This is the story of a church for the nation. St Peter’s Canberra: built from contributions of church groups, congregations and people from all over the country and still filled with a global membership, it is now a story that belongs to the church—across the nation and across the seas.
In 1960, Max Lohe, president of the United Evangelical Lutheran Church of Australia (UELCA), wrote to Australian Lutheran youth in Focus magazine: ‘As in the case of the Methodist, Church of Christ and Congregational churches, ours too is to be a “national church”, not only the property of one congregation but a symbol of the UELCA in the national capital. Thus the appeal has gone out to all our members, men, women, youth and children.’
The idea for the church for the nation was already in UELCA president Dr J J Stolz’s mind in 1927 when he attended the opening of Canberra’s Parliament House. But it was 1954 before a land grant was received from the Commonwealth government and the idea could take shape. A worship service was held onsite and a signboard unveiled, stating ‘Site of an evangelical Lutheran Church to be erected by the United Evangelical Lutheran Church. Declare the deeds of God among the nations.’ Subsequently, it was decided the site was unsuitable and it was finally reported at Synod, 1959, that an alternative had been found and granted, free of charge.
Architect Eric von Schramek was most impressed with the new site. He recalled: ‘On the southern corner there was a dense thicket of elms and I immediately visualised that this thicket would become the backdrop of the sanctuary through a clear glass window behind the altar. It would appear like a stained glass window changing from light green in spring to lush dark green in summer and with colourful foliage in autumn. In my vision I saw the bare spindly trees of winter before me. What an opportunity for a cathedral type church right in the centre of our capital city.’
The building of St Peter’s became a national project. Sunday schools around the country provided the funds for the New Zealand pine timber crucifix; women’s associations ‘subscribed liberal amounts towards the furnishings of the chancel’, and it became a project for Lutheran Men from 1956 to 1959. The young people relished the opportunity to provide the organ. They raised funds, but then came news that a Walcker organ had been donated and sent from Germany. The money from the youth was used to pay the customs levy on it instead. The congregation purchased the pews, and the Canberra Latvian congregation provided carpet for the building.
UELCA Canberra ministry had begun in 1948, with St Peter’s reaching to and establishing Estonian-, Latvian-, Finnish-, German- and English-speaking congregations—rather befitting a national church! By 1958
Dr J J Stolz was the pastor, then 80 years of age and ‘doing a yeoman’s task in Canberra, particularly amongst New Australians’, the Lutheran Herald reported. It was widely recognised that these ‘new Australians’ represented one of the greatest mission opportunities ever granted to the church in Australia. The Finnish migrants were served by the Finnish Seaman’s Mission (the pastor travelling from Brisbane) as ‘the language barrier is very great … there is absolutely no similarity between the Finnish language and either German or English [so] it is extremely difficult to converse with them for the first three months of their stay here’, Focus magazine told its readers in 1960.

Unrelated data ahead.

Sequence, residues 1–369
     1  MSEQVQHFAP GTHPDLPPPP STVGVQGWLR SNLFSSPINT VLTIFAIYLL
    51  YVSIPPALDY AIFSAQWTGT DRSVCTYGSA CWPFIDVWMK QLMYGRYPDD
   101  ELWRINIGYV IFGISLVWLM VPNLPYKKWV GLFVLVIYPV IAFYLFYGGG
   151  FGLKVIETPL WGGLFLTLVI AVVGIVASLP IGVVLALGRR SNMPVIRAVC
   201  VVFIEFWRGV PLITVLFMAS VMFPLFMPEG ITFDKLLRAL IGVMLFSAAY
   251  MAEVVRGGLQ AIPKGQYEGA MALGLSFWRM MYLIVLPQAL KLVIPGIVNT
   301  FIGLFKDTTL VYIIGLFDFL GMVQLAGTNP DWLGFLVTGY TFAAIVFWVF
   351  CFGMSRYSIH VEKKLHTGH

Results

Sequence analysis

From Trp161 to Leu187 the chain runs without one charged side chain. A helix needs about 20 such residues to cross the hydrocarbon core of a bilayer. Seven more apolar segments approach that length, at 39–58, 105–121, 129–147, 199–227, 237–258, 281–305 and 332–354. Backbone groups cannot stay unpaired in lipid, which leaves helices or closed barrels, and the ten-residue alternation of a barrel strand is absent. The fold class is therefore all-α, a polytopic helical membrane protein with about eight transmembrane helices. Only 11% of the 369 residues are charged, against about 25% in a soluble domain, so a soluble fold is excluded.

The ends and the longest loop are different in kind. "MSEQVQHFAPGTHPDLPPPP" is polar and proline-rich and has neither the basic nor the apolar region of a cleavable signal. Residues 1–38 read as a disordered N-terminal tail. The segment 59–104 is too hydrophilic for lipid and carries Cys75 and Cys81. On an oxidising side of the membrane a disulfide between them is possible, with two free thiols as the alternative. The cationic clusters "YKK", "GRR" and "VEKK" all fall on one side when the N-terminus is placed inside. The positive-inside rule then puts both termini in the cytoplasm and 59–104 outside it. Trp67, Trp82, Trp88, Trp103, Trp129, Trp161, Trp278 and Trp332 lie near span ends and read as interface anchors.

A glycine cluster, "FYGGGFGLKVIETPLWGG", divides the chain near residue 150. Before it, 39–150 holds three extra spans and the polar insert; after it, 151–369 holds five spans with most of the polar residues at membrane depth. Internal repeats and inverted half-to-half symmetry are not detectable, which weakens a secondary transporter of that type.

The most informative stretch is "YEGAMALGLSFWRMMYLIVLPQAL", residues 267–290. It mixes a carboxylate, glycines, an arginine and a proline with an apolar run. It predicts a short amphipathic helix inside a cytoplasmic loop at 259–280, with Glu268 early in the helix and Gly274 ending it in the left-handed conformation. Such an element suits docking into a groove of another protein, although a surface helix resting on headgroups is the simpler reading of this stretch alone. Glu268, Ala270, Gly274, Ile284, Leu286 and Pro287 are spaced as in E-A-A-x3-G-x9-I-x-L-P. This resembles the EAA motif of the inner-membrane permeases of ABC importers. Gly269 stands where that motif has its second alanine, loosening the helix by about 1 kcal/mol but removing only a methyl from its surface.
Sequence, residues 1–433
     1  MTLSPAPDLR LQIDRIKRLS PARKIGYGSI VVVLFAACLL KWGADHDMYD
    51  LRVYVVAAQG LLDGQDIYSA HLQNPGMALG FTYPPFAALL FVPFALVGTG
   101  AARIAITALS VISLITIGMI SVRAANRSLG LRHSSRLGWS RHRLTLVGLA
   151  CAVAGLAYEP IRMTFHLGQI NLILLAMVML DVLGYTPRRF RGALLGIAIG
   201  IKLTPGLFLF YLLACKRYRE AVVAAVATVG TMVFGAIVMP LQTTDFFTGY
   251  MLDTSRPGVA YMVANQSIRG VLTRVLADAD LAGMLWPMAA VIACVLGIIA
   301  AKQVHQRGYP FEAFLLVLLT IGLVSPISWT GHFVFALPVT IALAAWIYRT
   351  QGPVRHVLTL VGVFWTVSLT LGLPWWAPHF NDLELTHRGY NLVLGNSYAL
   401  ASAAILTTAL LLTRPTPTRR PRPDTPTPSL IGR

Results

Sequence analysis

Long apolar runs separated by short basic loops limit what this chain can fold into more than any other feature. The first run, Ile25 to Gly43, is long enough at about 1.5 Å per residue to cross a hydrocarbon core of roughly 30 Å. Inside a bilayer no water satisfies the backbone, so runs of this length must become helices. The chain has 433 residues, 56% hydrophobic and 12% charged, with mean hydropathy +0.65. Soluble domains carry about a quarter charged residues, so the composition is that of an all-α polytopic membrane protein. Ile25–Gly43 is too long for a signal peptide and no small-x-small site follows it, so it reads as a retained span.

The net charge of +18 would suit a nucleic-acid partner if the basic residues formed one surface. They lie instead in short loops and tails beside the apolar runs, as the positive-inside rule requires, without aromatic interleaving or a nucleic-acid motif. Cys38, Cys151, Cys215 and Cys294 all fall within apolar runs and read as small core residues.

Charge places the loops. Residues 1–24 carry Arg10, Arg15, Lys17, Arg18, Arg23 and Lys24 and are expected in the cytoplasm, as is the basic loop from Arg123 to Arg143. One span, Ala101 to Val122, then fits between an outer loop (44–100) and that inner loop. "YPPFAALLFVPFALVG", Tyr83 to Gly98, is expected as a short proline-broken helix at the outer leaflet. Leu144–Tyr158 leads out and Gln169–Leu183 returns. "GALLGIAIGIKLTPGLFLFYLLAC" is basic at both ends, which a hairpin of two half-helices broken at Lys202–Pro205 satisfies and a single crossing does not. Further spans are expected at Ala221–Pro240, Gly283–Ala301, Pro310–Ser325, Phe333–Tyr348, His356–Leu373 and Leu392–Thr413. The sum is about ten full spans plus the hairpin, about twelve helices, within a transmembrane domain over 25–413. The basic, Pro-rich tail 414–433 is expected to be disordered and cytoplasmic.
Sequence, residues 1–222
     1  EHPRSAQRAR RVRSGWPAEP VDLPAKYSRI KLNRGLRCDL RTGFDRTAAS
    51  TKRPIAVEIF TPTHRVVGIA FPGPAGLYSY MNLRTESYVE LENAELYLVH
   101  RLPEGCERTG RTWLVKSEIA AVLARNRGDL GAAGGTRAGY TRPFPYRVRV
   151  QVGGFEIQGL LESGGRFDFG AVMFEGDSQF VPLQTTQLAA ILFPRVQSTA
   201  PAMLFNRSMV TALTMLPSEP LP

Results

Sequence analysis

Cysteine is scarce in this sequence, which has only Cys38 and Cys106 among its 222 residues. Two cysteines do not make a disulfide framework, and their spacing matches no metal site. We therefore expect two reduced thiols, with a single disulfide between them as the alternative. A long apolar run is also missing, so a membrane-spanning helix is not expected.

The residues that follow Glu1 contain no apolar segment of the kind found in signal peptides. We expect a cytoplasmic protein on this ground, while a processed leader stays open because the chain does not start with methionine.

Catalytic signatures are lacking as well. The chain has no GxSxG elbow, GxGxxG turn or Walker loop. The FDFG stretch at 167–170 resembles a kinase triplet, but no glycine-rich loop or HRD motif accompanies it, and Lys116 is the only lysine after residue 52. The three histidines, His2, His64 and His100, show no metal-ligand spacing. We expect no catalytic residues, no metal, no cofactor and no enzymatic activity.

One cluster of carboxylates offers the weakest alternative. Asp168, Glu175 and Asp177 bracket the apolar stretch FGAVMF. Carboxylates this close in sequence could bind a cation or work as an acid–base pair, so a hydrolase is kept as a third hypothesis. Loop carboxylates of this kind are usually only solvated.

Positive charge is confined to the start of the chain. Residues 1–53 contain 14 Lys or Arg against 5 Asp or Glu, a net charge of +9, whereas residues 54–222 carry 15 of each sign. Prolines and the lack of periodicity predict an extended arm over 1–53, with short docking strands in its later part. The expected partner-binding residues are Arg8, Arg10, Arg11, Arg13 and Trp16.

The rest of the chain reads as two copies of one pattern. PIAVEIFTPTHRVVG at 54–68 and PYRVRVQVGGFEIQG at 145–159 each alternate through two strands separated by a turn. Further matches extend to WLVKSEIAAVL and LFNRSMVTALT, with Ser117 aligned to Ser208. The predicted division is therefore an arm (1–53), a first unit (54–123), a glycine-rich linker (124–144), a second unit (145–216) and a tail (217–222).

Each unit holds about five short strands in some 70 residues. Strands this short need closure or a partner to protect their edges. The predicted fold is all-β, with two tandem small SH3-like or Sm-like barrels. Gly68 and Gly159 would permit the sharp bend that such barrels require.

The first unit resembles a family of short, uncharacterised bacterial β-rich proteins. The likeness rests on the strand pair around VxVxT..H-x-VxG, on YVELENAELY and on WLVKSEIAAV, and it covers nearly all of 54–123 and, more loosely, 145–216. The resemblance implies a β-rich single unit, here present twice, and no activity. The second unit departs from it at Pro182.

And at last the great day of dedication dawned—Sunday, 10 September 1961.
The dedication was publicised months in advance in the Lutheran Herald, in the hope that many members of the church—not just from the New South Wales district—would be able to attend. It was the church for the nation, after all. Pastor WF Roehrs was prepared to arrange accommodation for all visitors. A busload of 40 young people came from Walla Walla in southern New South Wales, 17 pastors attended, and so did church members from South Australia, Victoria, New South Wales and Queensland.
The church was a memorial ‘to the men and women who devotedly served their Country during World War II, 1939–1945’. Naturally then, there was a large representation of government officials at the dedication; including Senator MF Scott (who unveiled the memorial plaque), a representative of the Department of the Interior (who provided the land), members of the diplomatic corps, the German Embassy Counsellor, the Consul of Sweden and the Charge-de-Affaires of Finland and Denmark. Pastors of the Estonian, Latvian, Finnish and German groups attended, as did Pastor Kokkonen of the Church of Finland.
How does this story continue to be one for the nation?
The Lutheran Archives has moving film footage of the dedication of St Peters Canberra. Lutheran Archives needs help from you—Lutheran members across the nation and the seas—to provide the funds to digitise this archival film (and the 139 others in our collection), so that we can continue to tell its story on your behalf. Let’s make the ‘church for the nation’ a digitisation project for the nation. Please contribute to our 8-millimetre and 16-millimetre film digitisation appeal.
Rachel Kuchel is LCA Archivist.